Rarely in life do we get to have something we’ve been picturing in our heads for a long time come to life in the real world, so this has been an amazing and mind-bending experience. I came up with the concept for The V Store just over a year ago: a comprehensive, approachable concept store for sexual and reproductive healthcare products, services, and information, staffed with sex educators and medical professionals. I can honestly say that the final product was exactly what I had been picturing all this time.
I’ve been interested in reproductive rights and fertility issues for years, and finding this solution space felt like a light bulb going off. What was missing from the conversation around women’s health was sex. The two spaces felt so divided, when they are fundamentally inseparable. The idea of putting everything that you need or use for the health of this one body part was a jumping off point that resulted in The V Store.
Ultimately, we have products for multiple body parts, as well as products for men, but the core idea of merging the sexual sphere and the health sphere never changed. The feedback I got from the weekend all echoed a similar thought: “this is so necessary.” I got a lot of “why doesn’t this already exist?” and “this makes so much sense” comments, but the fact is, this is a new concept, a new market, and a new business model. Which is kind of terrifying as well as exciting.
We had well over 100 people come over the weekend, and had success in selling products as well. The biggest draw, however, were the workshops and conversations. By our last workshop, Sunday’s “Things your OBGYN hasn’t told you,” we almost filled the store. It turned into a great group discussion on topics ranging from birth control to pregnancy scares to STD testing.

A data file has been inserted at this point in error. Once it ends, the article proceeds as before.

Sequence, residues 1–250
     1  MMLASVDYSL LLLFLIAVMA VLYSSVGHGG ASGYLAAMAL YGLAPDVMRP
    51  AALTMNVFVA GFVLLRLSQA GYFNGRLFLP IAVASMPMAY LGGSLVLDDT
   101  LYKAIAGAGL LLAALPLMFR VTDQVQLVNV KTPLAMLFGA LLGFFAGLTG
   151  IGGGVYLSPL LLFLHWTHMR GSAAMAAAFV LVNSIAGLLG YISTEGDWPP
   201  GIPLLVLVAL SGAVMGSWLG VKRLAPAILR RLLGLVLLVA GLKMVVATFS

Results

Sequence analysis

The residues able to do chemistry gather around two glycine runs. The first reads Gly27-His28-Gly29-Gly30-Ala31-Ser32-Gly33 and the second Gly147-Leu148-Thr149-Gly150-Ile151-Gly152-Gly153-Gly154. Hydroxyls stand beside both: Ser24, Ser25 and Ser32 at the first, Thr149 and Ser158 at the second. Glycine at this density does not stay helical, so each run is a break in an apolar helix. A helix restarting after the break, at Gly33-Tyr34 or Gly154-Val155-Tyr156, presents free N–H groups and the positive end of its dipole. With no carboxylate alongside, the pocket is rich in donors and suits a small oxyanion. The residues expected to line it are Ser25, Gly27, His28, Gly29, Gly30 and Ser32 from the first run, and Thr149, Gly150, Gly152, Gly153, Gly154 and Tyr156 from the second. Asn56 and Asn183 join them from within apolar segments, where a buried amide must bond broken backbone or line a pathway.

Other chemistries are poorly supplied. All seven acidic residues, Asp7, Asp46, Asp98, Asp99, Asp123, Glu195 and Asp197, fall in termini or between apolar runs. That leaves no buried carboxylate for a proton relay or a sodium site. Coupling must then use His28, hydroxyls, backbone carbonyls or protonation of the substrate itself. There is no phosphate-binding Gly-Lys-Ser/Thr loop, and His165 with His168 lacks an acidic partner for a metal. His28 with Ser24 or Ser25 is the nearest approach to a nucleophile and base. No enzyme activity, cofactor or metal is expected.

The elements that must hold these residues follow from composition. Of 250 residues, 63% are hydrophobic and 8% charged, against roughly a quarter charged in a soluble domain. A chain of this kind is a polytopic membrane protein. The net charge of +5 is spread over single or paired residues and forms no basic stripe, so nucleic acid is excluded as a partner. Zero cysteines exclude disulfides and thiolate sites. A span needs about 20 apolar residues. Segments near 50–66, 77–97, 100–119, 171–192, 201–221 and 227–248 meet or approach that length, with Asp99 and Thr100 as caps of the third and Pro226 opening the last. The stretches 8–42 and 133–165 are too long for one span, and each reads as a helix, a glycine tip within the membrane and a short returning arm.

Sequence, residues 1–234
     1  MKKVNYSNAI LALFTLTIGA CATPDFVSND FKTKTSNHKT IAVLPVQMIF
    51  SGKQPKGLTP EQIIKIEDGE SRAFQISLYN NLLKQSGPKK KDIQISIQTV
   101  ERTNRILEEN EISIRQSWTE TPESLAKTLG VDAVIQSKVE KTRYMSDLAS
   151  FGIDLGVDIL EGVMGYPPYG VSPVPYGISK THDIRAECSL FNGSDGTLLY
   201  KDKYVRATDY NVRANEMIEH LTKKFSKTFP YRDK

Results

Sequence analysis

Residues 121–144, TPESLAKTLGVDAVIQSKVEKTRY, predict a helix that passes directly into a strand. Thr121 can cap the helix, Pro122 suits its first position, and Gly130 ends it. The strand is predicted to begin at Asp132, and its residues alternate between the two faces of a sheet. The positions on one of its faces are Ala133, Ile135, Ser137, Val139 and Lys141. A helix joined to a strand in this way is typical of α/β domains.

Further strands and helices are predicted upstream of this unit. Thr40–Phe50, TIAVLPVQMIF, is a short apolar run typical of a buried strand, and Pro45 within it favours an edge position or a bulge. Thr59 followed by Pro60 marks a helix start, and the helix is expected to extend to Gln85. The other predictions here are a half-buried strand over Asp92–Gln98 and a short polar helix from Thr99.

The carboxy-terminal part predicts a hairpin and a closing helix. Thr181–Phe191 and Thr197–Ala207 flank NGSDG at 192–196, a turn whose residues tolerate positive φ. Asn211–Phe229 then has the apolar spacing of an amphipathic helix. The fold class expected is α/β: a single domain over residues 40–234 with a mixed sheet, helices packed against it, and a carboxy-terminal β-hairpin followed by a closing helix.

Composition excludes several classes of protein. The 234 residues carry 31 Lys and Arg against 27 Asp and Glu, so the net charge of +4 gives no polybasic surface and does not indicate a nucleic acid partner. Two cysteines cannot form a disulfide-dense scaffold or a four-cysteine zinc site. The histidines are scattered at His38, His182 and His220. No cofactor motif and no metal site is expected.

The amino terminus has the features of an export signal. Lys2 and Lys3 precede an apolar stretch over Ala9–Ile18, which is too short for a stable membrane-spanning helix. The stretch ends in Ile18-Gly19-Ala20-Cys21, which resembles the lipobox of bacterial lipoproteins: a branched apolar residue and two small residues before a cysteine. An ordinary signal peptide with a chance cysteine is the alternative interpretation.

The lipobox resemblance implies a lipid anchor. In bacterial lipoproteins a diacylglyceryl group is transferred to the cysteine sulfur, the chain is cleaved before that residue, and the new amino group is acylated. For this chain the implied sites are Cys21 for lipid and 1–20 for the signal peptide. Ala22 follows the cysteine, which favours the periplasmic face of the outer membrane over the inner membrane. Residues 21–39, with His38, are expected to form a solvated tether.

We’re working on the community-building aspect of this next. How can strangers walk into the space and end up educating each other? We all have a wealth of experience and knowledge, so we need to pair that with the right environment and people to maximize the impact.
I was fortunate to have been partnered with a great group of people. Lola Baston, Haylin Belay, and Taia Handlin were all sex educators I met through my partnership with Shag, a “sexy” shop based in Brooklyn that advocates sex-positive, healthy products and conversations. Separately, I met Liz Pastena and Virginia Reath, who are both medical professionals and were able to lend their expertise to the event. It was a diverse group that brought different capabilities to the table, and made the V-Store the non-judgmental, knowledgeable, and compelling place I had been envisioning for so long.
If you’re interested in learning more about the V-Store thesis project, visit the website, thevstore.co, and sign up to receive updates. I have big plans for what the next iteration of this store will be, and I now know it’s possible.